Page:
If you find yourself forgetting to do it or skipping out on your new task, add some visual cues to your environment. Post-it notes are great for this. Stick one on your nightstand. Add another to your bathroom mirror. Technology comes in handy for reminders, as well. Set an alarm on your phone so that you don’t leave the house or fall asleep without taking time to consider what makes you feel thankful.
Turn It Around
You can also try the opposite. Turn complaints around into something positive. Maybe you wake up with a sore back and don’t want to get out of bed. It may seem obvious, but reminding yourself that you’re in overall good health and that you have a safe place to sleep can do wonders for your outlook. Try to find the silver lining. It really works.
A good habit can be jotting things down during the day as they happen. It only takes a few seconds to make a note of what you feel grateful for in that moment. You can reflect on it later during your quiet bedtime routine.
Hopefully, you now see how getting into the habit of recognizing the good thing in life really isn’t all that difficult. A few small changes to your routine and you’ll find it’s actually quite easy to implement this practice.
Gratitude can be simply broken down to appreciating the good things in your life. It doesn’t always seem simple, though. When things are hectic or stressful, finding the silver lining can be challenging. However, learning how to embrace gratitude can significantly boost your happiness. Being grateful offers a host of other benefits you’re probably not aware of, too. Let’s take a closer look at the concept, ways it can improve your life and how to practice it.
There are many definitions of gratitude. Some people believe it’s a feeling or emotion. Others look at it as more of a mood. Still, some folks believe gratitude is a personality trait a person exhibits. These can all be correct. In essence, gratitude elicits satisfaction and appreciation in a person through feelings, actions or even inherent qualities. However, even those of us who may be more inclined to feel grateful on a regular basis through our glass-half-full-optimism likely need to work on evoking such an outlook. Gratitude can be viewed as a practice or something you perform regularly. Most people practice something because it benefits them. This is true of gratitude. As with other practices, you’ll get better at demonstrating gratitude the more you work at it.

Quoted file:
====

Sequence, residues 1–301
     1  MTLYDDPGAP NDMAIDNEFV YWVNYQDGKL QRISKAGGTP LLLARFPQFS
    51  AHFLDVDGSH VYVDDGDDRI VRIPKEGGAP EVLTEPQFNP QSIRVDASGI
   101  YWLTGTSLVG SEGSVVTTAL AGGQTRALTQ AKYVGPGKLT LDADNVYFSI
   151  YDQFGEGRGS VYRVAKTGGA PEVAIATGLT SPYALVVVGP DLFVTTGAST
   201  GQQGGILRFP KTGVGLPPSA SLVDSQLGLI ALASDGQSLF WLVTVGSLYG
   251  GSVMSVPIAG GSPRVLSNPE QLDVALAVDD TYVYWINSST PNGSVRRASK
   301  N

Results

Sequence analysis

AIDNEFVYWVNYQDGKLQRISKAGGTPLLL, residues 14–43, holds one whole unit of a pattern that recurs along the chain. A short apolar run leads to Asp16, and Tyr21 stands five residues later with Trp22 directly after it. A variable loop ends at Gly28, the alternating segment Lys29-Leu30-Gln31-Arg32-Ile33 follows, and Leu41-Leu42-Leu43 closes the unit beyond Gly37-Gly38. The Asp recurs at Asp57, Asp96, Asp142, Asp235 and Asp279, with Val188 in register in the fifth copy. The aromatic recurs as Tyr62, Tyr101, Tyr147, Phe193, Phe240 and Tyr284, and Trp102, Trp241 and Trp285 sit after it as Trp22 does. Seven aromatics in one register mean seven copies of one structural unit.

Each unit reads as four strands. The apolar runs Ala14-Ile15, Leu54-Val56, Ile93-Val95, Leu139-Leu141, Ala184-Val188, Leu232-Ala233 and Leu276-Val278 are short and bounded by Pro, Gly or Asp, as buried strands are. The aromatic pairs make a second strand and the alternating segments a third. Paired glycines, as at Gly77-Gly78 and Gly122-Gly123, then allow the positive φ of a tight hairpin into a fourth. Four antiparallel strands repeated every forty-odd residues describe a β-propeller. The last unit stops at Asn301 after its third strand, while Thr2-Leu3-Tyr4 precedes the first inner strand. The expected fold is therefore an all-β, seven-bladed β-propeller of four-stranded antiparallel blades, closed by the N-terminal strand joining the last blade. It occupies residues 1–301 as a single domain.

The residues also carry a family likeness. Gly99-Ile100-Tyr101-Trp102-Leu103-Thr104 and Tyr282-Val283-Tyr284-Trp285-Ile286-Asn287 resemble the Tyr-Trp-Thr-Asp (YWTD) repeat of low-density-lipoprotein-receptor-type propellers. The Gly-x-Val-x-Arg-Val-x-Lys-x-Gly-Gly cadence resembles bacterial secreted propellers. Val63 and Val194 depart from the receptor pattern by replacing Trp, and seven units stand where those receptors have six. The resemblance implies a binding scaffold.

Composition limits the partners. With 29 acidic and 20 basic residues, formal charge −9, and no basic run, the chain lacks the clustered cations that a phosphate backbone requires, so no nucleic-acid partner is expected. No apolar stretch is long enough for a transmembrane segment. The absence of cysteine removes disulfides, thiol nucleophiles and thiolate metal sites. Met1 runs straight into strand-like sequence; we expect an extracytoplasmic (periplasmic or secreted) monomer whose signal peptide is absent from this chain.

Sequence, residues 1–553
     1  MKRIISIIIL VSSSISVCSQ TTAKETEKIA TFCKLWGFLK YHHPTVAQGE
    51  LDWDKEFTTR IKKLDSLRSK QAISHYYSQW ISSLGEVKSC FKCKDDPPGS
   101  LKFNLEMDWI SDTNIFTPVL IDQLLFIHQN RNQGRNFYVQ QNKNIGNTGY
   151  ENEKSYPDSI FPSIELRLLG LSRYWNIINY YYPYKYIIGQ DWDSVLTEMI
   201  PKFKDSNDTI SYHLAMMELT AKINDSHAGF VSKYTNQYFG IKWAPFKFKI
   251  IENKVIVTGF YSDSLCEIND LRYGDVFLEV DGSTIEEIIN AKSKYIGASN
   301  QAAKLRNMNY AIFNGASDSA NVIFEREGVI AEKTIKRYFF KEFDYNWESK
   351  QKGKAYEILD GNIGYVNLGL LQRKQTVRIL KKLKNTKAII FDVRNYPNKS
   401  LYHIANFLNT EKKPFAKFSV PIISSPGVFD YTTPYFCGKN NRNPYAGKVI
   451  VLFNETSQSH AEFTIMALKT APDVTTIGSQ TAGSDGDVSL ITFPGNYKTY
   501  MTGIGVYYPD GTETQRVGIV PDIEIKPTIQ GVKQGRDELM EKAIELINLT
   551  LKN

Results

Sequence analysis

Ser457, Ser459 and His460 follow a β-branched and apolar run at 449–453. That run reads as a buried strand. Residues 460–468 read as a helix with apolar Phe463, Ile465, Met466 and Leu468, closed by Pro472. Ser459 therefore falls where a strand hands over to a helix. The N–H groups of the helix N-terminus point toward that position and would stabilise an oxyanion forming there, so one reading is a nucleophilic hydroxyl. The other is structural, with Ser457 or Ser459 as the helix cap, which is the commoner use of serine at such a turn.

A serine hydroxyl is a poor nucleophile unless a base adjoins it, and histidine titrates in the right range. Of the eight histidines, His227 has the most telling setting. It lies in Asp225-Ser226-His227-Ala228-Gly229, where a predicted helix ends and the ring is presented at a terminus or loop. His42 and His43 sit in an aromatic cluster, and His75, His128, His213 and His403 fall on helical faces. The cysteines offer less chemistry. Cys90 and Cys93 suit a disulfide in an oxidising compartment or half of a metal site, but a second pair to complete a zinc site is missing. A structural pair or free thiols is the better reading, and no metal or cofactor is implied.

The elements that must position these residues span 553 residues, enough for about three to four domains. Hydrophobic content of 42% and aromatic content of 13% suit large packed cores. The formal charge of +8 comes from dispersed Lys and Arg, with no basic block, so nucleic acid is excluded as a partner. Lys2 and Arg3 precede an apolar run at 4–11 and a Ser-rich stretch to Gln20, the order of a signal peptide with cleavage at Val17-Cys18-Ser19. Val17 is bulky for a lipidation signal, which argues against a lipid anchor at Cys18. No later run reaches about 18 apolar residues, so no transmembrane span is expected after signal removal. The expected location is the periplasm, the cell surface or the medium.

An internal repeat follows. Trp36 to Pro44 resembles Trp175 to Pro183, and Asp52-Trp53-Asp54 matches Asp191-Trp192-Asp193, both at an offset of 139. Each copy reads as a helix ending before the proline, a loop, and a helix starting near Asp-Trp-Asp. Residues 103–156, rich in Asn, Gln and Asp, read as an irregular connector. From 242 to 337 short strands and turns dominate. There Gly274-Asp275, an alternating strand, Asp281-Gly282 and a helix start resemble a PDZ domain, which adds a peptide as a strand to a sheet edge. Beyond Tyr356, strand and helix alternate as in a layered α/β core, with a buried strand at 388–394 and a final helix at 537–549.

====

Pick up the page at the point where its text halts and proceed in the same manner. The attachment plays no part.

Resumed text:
Benefits of Embracing Gratitude
There are many benefits of gratitude; many of them have been scientifically proven. Once you begin to understand these, chances are good that you’ll see why it’s so important to develop a grateful mindset. Gratitude can have a positive effect on both physical and mental health. Research has shown it to improve relaxation, sleep quality and energy levels. Being thankful for your blessings can enhance your emotional wellness. You’ll deal better in crisis situations and find you’re more resilient when you’re able to look on the bright side. This can contribute to better relationships, too. Appreciating the positives in life can simply make you feel happier.
Ways to Practice Gratitude
Recognizing your blessings may not come easily at first, but there are some ways to help make it a habit and a regular part of your routine. One of the most convenient and impactful methods for cultivating appreciation is through keeping a gratitude journal. In this practice, you’ll write down three things each day that you’re grateful for, which makes it easier to notice and recognize those good things. Meditation has also been shown to help. Also, making an effort to thank someone each day, for even the smallest thing, opens your eyes and heart to abundance. Giving back and doing good for others can provide tremendous perspective, as well.
Now you have a better idea of just what making a concerted effort to count your blessings can do for your life. Embracing and expressing gratitude are more important than many of us realize.
What gratitude strategy will you practice today?
Stop living in your past.
Yesterday is gone